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Renal Artery Stenosis Treatment in Madrid

Hospitals and medical centers in Madrid, Spain performing Renal Artery Stenosis Treatment.
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HM Hospitales

HM Hospitales is a hospital group with six private hospitals in Madrid: three general hospitals, a cardiovascular hospital, an oncological center and a women's health hospital.


Renal Artery Stenosis is treated at HM Hospitales

Grupo Hospitalario Quirón

Quirón has an internationally prestigious medical staff, the largest in the sector, and is also the principal hospital network in terms of patient numbers and care facility area. The group administers 38 healthcare centers, more than 2,864 hospital beds and 7,500 associate doctors.


Renal Artery Stenosis is treated at Grupo Hospitalario Quirón

Hospital Ruber Internacional

The Ruber International Hospital is designed as a "whole hospital". thus achieving maximum efficiency in the organization and development of the various medical, welfare, educational and research activities.


Renal Artery Stenosis is treated at Hospital Ruber Internacional

Clinica La Luz

The largest private hospital in Madrid, with over one hundred physicians providing tertiary medical services in over thirty medical specialties. The hospital is equipped to deal with the most complex of conditions, including oncology, neurosurgery and cardiac surgery.


Renal Artery Stenosis is treated at Clinica La Luz

Quirón Madrid University Hospital

An ISO certified modern private hospital, which was opened in 2006, and is part of the Quirón Hospital Group. This tertiary care hospital 400 has certified physicians from all medical specialties capable of treating the most complicated medical cases.


Renal Artery Stenosis is treated at Hospital Quirón Madrid

Listed urologist:

Dr. José Manuel Rodríguez Luna

Head of Division of Urology

Nisa Pardo de Aravaca Hospital

A modern (opened in 2007), general, private hospital located in Madrid, part of the NISA group of hospitals. The international patients department can assist patients with accomodation and trasportation, and can communicate in English as well as in Spanish.


Renal Artery Stenosis is treated at Nisa Pardo de Aravaca Hospital

Urology centers in Madrid (Page 1 of 1)

About Renal Artery Stenosis Treatment

This information is intended for general information only and should not be considered as medical advice on the part of Any decision on medical treatments, after-care or recovery should be done solely upon proper consultation and advice of a qualified physician.

Renal Artery Stenosis

Renal artery stenosis is a condition that occurs when the arteries that carry blood to one or both of the kidneys narrow. As time goes on, the condition can worsen leading to high blood pressure (hypertension) and kidney damage.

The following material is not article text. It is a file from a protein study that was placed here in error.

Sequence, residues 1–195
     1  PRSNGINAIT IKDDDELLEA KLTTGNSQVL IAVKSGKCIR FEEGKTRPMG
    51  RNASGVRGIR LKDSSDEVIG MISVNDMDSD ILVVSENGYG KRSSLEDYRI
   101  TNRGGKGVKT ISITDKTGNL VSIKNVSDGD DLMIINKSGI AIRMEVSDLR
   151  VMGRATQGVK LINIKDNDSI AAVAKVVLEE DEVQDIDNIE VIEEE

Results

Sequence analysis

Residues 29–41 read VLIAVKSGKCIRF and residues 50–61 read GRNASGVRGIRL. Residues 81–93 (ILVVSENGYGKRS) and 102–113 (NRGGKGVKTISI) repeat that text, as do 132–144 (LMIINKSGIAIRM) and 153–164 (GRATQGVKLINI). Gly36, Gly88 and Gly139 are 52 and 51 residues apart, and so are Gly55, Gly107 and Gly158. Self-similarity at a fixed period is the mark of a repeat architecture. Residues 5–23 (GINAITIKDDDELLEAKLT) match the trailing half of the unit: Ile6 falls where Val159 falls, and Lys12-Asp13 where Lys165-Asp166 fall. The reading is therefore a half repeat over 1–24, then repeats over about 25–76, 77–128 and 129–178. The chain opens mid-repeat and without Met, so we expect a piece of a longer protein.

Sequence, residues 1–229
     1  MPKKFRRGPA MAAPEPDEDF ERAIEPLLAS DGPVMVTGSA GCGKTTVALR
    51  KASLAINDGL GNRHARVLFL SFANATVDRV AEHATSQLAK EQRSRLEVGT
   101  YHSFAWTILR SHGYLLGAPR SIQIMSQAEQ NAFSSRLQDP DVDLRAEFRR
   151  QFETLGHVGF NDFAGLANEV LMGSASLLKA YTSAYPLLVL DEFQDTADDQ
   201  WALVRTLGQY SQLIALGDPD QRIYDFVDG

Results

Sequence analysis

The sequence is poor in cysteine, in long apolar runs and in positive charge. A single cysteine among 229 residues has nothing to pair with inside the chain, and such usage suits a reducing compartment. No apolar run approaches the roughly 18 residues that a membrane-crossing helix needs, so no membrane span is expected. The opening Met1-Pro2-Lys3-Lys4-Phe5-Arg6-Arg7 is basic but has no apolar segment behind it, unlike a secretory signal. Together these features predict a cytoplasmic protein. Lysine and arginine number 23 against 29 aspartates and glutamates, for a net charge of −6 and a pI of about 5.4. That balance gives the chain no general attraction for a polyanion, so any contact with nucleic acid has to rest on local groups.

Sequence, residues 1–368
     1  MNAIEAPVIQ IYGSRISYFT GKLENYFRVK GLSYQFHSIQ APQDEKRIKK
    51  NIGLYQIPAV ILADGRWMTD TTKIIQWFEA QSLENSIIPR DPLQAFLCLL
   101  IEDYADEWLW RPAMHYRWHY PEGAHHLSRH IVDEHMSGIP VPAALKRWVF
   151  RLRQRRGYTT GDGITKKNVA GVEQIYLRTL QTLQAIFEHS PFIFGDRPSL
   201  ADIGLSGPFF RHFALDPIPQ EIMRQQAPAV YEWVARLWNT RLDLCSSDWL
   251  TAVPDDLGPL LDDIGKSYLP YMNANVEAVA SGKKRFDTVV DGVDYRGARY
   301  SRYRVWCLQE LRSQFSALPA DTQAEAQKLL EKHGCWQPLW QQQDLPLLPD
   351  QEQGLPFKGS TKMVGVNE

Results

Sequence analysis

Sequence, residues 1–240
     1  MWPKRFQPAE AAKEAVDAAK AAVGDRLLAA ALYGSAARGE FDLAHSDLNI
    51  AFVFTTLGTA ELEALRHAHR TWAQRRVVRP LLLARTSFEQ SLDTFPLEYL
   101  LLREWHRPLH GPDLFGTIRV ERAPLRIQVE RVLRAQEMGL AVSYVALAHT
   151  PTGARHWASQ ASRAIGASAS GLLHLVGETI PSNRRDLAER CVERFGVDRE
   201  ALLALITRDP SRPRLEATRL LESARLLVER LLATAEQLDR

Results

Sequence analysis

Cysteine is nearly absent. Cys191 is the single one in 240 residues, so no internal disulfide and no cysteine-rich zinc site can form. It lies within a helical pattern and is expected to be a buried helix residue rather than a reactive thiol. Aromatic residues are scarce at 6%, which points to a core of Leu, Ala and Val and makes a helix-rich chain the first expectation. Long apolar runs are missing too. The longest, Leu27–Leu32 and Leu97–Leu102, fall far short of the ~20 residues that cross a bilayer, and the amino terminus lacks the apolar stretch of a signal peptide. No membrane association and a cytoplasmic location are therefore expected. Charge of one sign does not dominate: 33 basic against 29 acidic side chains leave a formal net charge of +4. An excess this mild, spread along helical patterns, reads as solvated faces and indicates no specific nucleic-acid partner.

• Atherosclerosis - This is the clogging, narrowing and hardening of the renal arteries due to plaque build-up. Plaque is a substance made of cholesterol, fat, calcium and other material found in the blood.
  • Fibromuscular dysplasia (FMD) - This occurs when there is abnormal growth of cells on the wall of the renal artery, which can cause blood vessels to narrow.

Risk factors for the condition include:
  • Lack of physical exercise
  • Diabetes
  • Smoking
  • High blood pressure
  • Abnormal blood cholesterol levels
  • A family history of heart disease
  • Older age

Signs and symptoms

They include hypertension that is difficult to control with medication, kidney dysfunction and pulmonary edema.


Imaging tests used to diagnose the condition include:

  • Catheter angiogram: It is a special x-ray in which a catheter is threaded through the large arteries to the renal artery. This is done by a radiologist. Anaesthesia is not needed but to lessen anxiety a sedative may be given.
  • Magnetic Resonance Angiogram (MRA): This test uses magnets and radio waves to produce detailed images of the internal organs without using x rays. A mild sedative may be given to you if you have a fear of confined spaces. The images are then interpreted by a radiologist.
  • Computerized tomographic angiography (CTA) Scan: This test uses both computer technology and x rays to create images. The procedure is done by an x-ray technician and then interpreted by a radiologist.
  • Duplex Ultrasound: This test uses both traditional ultrasound and Doppler ultrasonography. It is performed by a special technician. The images are the interpreted by a radiologist.


Treatment includes surgery, medication or lifestyle changes.

  • Surgery: The procedures are done by a vascular surgeon in a hospital. Anesthesia is required. The following are the different surgical procedures:
    • Endarterectomy - It involves cleaning out the artery. A vein or synthetic tube then connects the kidney to the aorta.
    • Angioplasty and stenting - A catheter is inserted into the renal artery. In addition, a stent is positioned in the artery to keep plaque flat and artery open.
  • Medications: Medications are taken to lower the blood pressure, to help the kidneys remove fluid from the blood and to lower the cholesterol to prevent plaque build-up.
  • Lifestyle changes: Maintaining a healthy body weight, diet and physical exercise are good ways to prevents plaque build-up. If you smoke, quitting will help protect your kidneys and other organs.

Risks : Side effects from the contrast medium or sedative and injury to the artery from the catheter. If the kidneys do not remove the contrast medium well, it may cause complications to the skin and other organs. Side effects from X-ray radiation may be experienced. In addition, it is not recommended for people with dysfunctional kidneys since it uses more contrast medium.

Learn more about Renal Artery Stenosis

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